Globally, the effects of COVID-19 have changed the way we work. The global workforce has become a part of the largest work-from-home experiment, causing a dramatic disruption to the office working culture. As per a report published by Colliers International, this shift will affect not only how we work in the short-term but will also have far-reaching effects on the future of work and the workplace.
In early March, Colliers’ global Workplace Advisory team launched the first global ‘Work-from-Home’ experience survey, just as employees were immediately transitioning into new and varying work-from-home circumstances. The survey has generated responses across APAC measuring how respondents experience working from home and the levels of desire to work from home after COVID-19. The core aim of the survey was to collect data in order to understand how people are experiencing working from home and identify potential medium and long-term impacts.
The report looks further ahead (1-3 years), outlining all APAC-specific data insights related to working from home and addresses the areas including productivity, desire, impacts on work-life balance, and managing remote workers.
Productivity - While working from home, productivity levels did not change for many people. The data shows that productivity was maintained at a reasonable level, largely due to our natural instincts to adjust to new and adverse environments. Another key aspect of productivity is maintaining connectedness with colleagues through scheduled check points, either to discuss work or simply have coffee breaks over video calls.
Collaboration - COVID-19 has demonstrated that WFH can be successful, employees are happier and welcome this as an ongoing option. However, this by no means removes the need of a physical office. Offices should be repurposed and offer a variety of facilities to encourage collaboration and connection.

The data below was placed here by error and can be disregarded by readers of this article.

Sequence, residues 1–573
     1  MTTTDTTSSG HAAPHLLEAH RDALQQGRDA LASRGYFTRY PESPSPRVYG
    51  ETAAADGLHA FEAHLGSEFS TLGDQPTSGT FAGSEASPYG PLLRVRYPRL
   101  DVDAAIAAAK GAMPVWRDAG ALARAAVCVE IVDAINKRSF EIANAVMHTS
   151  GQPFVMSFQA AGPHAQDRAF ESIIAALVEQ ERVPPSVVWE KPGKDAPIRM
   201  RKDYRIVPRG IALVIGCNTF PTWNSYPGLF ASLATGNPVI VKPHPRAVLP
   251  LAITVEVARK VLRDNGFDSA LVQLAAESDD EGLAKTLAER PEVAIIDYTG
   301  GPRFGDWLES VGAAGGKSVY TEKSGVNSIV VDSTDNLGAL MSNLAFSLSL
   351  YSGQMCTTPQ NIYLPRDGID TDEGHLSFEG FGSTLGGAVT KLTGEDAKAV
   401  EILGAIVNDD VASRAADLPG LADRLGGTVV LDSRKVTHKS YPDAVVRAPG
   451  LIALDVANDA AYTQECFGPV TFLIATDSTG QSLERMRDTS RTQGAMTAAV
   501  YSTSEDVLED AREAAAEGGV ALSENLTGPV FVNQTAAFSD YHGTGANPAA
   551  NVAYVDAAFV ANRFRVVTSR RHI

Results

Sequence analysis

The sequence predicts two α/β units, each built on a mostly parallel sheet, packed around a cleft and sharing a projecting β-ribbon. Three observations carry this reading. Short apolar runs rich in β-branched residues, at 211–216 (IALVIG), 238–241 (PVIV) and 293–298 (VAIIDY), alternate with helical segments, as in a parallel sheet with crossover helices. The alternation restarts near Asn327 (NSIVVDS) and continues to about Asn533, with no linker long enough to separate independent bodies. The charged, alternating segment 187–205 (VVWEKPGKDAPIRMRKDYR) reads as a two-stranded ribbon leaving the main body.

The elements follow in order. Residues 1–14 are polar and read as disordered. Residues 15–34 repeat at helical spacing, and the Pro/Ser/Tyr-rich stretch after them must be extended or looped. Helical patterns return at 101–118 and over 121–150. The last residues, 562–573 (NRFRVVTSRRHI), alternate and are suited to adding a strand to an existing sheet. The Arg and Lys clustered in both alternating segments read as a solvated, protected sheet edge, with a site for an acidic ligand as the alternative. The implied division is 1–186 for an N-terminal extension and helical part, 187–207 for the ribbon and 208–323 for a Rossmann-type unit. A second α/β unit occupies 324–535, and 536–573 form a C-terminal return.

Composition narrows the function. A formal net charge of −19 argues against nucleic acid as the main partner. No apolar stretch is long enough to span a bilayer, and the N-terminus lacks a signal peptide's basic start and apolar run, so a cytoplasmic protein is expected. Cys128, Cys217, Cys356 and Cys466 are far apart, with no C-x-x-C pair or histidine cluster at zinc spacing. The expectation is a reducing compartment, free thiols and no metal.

Desire to work from home - Working from home is here to stay, but physical offices remain necessary. In APAC, we are significantly less experienced in working from home than the Americas and EMEA. Globally, around half of the respondents would prefer to work from home at least 1 - 2 days a week.
Work-life balance - Respondents’ work-life balance has improved since working from home. On an average, 63% of respondents indicated that their work-life balance has improved since working from home.
Managing remote work - 89% of respondents indicated they felt trusted by their managers during the work-from-home period.
The global outbreak of COVID-19 has forced corporates to maintain seamless business operations while maintaining social distancing in the office or having employees work-from-home, triggering the largest ever work-from-home experiment around the globe. There are two aspects of the workplace that have become more prominent post-COVID-19 – the undeniable dependency on technology and flexibility in how and where people work.
The office is definitely not dead; however, it is likely to change in its functionality and size, both in the short term and the medium to long-term. The potential impact will differ from organisation to organisation. As an organisation it is important to safely allow employees to return to the office in the short term with efficient and effective social distancing measures in place. Furthermore, it is imperative as an organisation to be proactive and not reactive by understanding now what the wide range of potential future real estate solutions could be.
“Office is an environment where people feel comfortable to collaborate and work together. The need for that will not cease to exist due to the virus. The new normal will only create a new balance, with focus on flexibility”, said Arnab Ghosh, National Director, Fit-out at Colliers International India.